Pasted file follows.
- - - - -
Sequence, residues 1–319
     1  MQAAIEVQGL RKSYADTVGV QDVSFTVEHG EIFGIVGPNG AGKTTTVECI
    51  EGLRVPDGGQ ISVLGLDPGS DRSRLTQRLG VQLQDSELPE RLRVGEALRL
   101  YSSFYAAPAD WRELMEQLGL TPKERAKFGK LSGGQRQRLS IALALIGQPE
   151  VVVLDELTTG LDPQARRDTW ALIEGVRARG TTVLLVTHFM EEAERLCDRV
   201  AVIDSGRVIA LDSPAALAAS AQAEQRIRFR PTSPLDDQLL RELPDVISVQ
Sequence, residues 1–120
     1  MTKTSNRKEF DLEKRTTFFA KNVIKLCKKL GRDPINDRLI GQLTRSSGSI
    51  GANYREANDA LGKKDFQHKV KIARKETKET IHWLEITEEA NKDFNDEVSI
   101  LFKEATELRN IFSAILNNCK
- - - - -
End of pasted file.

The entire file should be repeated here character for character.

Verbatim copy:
Sequence, residues 1–319
     1  MQAAIEVQGL RKSYADTVGV QDVSFTVEHG EIFGIVGPNG AGKTTTVECI
    51  EGLRVPDGGQ ISVLGLDPGS DRSRLTQRLG VQLQDSELPE RLRVGEALRL
   101  YSSFYAAPAD WRELMEQLGL TPKERAKFGK LSGGQRQRLS IALALIGQPE
   151  VVVLDELTTG LDPQARRDTW ALIEGVRARG TTVLLVTHFM EEAERLCDRV
   201  AVIDSGRVIA LDSPAALAAS AQAEQRIRFR PTSPLDDQLL RELPDVISVQ
Sequence, residues 1–120
     1  MTKTSNRKEF DLEKRTTFFA KNVIKLCKKL GRDPINDRLI GQLTRSSGSI
    51  GANYREANDA LGKKDFQHKV KIARKETKET IHWLEITEEA NKDFNDEVSI
   101  LFKEATELRN IFSAILNNCK